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How do divorce courts divide retirement accounts in Colorado?

On Behalf of | May 25, 2022 | Family Law

If you have an impending divorce, you are likely concerned with how your finances will be able to fare the asset division process. You have worked hard since the beginning of your career to build up the retirement accounts that will see you through your old age, and it can be upsetting to think of losing a large chunk of those accounts and having to rebuild them now. It can help your planning to know exactly what to expect from the divorce process when it comes to your retirement accounts.

Marital property

In Colorado, anything that you obtained during the course of your marriage counts as marital property – with a few specific exceptions. This means that the portion of your 401(k) or other retirement account that accrued during your marriage is subject to division, while any part of it that you already had before getting married will remain your separate property.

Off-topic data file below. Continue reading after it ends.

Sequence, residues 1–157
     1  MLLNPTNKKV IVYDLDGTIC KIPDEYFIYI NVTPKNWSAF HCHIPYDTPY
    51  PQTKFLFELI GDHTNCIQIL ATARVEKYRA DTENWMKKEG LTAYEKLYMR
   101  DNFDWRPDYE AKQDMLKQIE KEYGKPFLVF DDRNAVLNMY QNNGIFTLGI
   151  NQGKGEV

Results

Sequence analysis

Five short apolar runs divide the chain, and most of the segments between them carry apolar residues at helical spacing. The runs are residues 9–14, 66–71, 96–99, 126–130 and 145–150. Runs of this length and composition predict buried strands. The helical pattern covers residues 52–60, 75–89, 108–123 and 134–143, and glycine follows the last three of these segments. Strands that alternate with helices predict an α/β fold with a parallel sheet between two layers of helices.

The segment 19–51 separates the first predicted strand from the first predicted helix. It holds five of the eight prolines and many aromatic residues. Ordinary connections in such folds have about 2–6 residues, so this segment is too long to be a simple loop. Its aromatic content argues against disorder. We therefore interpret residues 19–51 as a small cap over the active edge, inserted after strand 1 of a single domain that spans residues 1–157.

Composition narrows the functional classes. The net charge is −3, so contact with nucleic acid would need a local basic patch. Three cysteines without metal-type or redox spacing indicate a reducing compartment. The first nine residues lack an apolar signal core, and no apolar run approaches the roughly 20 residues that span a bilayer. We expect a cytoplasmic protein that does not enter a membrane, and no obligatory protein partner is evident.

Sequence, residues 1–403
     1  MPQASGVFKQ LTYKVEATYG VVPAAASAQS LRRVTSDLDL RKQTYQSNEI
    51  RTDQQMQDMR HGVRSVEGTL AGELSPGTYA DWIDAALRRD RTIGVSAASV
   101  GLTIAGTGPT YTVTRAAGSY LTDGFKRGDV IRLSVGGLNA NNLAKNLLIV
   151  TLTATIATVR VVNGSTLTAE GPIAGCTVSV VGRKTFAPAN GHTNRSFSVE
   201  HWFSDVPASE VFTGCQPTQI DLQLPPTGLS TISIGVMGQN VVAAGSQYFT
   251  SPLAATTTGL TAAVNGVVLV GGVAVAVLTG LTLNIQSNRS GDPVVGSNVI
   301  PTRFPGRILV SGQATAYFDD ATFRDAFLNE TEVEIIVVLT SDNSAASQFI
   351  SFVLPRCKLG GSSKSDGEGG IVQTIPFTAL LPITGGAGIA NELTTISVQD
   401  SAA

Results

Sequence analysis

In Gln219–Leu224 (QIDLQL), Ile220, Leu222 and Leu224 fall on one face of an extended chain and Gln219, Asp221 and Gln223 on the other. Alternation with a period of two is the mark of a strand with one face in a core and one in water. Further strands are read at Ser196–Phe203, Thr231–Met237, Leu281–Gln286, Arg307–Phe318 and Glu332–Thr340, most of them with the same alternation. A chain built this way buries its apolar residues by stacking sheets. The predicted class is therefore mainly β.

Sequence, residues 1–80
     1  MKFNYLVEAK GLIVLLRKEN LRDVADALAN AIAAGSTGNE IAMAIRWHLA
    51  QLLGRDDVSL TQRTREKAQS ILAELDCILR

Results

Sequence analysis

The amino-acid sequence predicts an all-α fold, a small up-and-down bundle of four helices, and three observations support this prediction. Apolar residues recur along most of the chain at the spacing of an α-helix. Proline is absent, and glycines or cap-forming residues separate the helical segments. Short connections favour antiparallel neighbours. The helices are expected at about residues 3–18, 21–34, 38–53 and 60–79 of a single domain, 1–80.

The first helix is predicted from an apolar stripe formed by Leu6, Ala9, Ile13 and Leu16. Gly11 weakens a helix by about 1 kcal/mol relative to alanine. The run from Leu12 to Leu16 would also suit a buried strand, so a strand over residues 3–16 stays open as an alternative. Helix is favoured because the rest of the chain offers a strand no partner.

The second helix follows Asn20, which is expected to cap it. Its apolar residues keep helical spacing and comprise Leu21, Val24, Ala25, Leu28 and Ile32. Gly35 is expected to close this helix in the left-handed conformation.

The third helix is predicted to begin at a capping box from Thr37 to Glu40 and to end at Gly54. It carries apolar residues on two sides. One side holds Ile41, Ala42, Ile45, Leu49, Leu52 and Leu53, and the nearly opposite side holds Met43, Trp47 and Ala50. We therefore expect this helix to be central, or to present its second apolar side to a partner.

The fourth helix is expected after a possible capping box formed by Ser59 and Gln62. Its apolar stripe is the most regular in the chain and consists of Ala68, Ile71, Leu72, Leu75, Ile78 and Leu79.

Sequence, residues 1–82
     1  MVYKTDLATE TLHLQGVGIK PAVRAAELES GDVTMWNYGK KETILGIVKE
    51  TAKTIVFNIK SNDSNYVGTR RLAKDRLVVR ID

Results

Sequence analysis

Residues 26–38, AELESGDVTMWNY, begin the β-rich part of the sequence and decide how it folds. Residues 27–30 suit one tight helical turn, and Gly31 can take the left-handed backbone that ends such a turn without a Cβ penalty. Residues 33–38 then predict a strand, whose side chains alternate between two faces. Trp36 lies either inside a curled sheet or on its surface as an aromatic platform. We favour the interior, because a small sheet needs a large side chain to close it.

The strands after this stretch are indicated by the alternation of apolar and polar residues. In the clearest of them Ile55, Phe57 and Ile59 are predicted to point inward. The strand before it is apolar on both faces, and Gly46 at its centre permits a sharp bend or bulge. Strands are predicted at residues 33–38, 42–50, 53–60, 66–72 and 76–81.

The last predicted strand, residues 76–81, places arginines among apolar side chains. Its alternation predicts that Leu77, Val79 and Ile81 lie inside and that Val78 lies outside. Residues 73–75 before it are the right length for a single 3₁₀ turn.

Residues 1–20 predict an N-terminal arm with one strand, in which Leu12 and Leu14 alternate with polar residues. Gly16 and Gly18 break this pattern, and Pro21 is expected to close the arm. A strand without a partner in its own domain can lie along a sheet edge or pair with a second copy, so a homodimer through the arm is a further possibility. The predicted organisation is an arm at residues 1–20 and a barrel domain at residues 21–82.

If you are unable to negotiate your own agreement with your spouse, and it is up to the court to divide your property, Colorado law requires that the court divide your marital property equitably. This means that the division will be fair in light of both of your circumstances. If one of you has a lower earning capacity or greater needs, then that person could receive a larger portion of the marital assets.


The manner in which retirement accounts are divided varies depending on the type of account and the needs of the individual spouses. Often, one spouse will demand that their portion of the account be immediately withdrawn or transferred into a different account in their name.

In this case, your spouse may ask the court for a qualified domestic relation order (QDRO). This is essentially a court order that enables your spouse to enforce their right to a portion of your retirement benefits. Depending on the circumstances, your spouse could use the QDRO to immediately withdraw the funds, or to reserve their right to receive a portion of the funds once they are paid out at retirement.

There are many contentious aspects of divorce negotiations, such as child custody and spousal support. While the division of retirement accounts won’t have an effect on you immediately, it is still worthwhile to take them into account while negotiating your divorce agreement, so that you can retain as much as possible of the accounts that you have painstakingly built up over the years in anticipation of your retirement.

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